Assessment of risk factors for oral leukoplakia in West Virginia.Community Dent Oral Epidemiol 2005; 33(1):45-52CD
To assess risk factors associated with oral leukoplakia in a US population with high use of smoked tobacco and smokeless tobacco.
The RJ Gorlin Leukoplakia Tissue Registry was used to identify individuals with oral leukoplakia in West Virginia, USA. This case-control study consisted of 90 cases with oral leukoplakia and 78 controls with periapical cysts. Univariate-univariable (one dependent variable and one independent variable) and univariate-multivariable (one dependent variable and multiple independent variables) logistic regression modeling quantified the association between oral leukoplakia and potential explanatory variables.
Unadjusted measures of association indicate that those with oral leukoplakia were more likely to be older [odds ratio of crude: OR(Crude) = 2.72; 95% confidence interval (CI): 1.45-5.11], more likely to currently use smokeless tobacco (OR(Crude) = 3.16; 95% CI: 1.10-9.07), and more likely to currently use snuff (OR(Crude) = 8.32; 95% CI: 1.83-37.80). Individuals currently using smokeless tobacco or currently using snuff were more likely to have oral leukoplakia [adjusted odds ratio, OR(Adj) = 9.21 and 30.08; 95% CI: 1.49-57.00 and 2.67-338.48, respectively], after simultaneously adjusting for age, gender, currently using smoked tobacco, currently using alcohol daily, and dental prostheses use.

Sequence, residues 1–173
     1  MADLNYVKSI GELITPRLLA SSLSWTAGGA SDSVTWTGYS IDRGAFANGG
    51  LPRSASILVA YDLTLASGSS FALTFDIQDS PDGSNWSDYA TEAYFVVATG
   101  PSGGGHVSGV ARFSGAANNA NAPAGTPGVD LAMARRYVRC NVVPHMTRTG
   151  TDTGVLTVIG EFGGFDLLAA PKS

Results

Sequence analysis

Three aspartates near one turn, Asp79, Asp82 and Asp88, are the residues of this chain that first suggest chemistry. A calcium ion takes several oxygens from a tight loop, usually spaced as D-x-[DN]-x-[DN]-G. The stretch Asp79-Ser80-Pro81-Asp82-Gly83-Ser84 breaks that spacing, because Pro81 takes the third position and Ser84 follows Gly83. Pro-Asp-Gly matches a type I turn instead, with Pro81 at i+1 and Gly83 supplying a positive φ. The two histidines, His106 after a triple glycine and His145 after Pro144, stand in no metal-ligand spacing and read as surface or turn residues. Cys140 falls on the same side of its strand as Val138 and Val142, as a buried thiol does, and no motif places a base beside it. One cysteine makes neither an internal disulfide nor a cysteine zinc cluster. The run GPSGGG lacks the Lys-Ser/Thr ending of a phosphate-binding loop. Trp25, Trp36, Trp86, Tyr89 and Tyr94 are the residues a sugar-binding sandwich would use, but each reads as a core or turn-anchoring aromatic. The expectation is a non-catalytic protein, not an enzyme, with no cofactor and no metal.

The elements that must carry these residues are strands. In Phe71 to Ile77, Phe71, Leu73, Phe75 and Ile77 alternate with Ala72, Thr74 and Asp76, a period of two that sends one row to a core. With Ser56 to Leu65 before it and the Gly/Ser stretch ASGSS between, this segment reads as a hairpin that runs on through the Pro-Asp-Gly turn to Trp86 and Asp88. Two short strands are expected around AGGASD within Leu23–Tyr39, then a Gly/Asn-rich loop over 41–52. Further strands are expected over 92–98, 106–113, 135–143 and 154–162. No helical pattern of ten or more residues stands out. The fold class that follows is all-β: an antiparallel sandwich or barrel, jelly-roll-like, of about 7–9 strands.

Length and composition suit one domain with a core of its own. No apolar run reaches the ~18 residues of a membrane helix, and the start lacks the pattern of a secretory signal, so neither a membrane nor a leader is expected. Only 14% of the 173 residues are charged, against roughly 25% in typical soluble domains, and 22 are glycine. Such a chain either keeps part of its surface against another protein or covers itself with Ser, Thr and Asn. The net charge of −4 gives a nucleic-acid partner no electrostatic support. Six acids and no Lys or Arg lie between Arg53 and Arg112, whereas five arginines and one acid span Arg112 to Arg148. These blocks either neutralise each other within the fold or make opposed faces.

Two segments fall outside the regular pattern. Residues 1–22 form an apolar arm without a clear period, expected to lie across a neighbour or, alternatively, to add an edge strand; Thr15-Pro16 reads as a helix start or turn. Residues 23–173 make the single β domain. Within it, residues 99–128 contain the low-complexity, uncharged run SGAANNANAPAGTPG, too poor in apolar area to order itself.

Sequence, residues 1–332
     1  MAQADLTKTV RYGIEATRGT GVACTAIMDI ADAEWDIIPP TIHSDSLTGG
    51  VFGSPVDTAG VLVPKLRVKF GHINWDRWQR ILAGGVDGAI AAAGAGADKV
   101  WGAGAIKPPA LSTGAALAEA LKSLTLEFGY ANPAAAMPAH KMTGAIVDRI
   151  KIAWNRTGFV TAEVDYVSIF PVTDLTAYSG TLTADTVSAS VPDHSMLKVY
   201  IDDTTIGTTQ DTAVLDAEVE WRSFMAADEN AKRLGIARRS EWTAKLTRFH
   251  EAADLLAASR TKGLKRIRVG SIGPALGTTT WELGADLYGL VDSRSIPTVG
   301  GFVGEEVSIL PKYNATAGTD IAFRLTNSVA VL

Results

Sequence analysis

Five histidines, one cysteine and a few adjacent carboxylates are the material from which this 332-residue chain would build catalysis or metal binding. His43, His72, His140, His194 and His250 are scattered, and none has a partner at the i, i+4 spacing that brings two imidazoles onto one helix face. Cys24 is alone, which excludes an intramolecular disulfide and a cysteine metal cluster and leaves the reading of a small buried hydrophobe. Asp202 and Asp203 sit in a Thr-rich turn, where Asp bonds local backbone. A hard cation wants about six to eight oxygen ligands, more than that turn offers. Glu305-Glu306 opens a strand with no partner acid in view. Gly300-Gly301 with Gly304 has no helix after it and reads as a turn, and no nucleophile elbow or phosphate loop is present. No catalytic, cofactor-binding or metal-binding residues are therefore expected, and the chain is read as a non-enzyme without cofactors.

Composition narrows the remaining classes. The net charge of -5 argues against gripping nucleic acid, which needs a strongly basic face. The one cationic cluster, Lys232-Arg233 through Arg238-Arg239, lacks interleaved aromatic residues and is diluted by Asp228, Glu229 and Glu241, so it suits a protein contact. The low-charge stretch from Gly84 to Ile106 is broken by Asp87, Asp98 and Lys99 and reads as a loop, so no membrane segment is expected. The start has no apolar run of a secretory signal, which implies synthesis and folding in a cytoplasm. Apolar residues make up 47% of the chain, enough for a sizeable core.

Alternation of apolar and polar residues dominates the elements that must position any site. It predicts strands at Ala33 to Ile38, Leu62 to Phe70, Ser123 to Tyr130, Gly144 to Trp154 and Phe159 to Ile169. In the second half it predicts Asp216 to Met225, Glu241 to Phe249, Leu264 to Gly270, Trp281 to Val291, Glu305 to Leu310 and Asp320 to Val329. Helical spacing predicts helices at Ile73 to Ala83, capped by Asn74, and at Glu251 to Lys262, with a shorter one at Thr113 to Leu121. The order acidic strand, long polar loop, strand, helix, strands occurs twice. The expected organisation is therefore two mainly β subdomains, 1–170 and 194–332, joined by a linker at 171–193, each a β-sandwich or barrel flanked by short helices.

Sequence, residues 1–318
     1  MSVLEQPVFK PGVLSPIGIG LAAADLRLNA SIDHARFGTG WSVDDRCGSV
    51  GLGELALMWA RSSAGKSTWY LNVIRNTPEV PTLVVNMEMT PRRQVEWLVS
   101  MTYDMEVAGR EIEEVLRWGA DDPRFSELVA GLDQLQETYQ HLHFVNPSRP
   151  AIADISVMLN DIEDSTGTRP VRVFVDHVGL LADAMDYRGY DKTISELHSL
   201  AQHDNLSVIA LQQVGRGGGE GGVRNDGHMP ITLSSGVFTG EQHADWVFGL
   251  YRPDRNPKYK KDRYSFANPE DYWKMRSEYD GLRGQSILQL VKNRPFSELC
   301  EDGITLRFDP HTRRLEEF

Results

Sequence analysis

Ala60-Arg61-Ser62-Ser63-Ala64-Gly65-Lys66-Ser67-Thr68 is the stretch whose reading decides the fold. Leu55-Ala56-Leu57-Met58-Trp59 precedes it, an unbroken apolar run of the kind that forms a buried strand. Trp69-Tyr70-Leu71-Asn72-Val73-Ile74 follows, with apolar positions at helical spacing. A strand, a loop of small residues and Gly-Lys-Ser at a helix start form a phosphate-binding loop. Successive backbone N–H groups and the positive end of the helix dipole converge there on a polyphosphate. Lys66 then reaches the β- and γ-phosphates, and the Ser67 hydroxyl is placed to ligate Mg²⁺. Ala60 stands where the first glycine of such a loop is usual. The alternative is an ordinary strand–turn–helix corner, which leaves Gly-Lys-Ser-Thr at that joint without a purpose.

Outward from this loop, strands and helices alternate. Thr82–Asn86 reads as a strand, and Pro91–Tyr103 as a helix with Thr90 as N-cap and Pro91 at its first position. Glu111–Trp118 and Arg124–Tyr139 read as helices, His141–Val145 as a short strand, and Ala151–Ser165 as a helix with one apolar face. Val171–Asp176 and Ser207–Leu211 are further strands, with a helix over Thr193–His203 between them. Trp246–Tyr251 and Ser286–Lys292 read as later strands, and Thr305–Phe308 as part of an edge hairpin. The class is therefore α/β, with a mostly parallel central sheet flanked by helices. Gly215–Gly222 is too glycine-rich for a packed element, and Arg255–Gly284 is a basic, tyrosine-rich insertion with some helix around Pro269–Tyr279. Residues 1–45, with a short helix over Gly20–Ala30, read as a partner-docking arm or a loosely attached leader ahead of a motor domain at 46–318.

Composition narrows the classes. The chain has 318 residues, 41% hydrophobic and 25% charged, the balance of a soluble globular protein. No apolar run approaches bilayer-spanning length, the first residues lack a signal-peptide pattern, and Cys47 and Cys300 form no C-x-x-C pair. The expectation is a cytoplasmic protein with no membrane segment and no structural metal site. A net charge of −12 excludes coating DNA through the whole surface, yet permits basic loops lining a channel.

Generalizability is an issue when studying risk factors associated with oral leukoplakia because of geographical variations in the composition of smokeless tobacco (i.e. betel, lime, ash, and N-nitrosamines) and cultural variations in the use of tobacco (i.e. reverse smoking). Snuff was the main smokeless tobacco product currently used in West Virginia, and was strongly associated with oral leukoplakia, after adjusting for potential explanatory variables.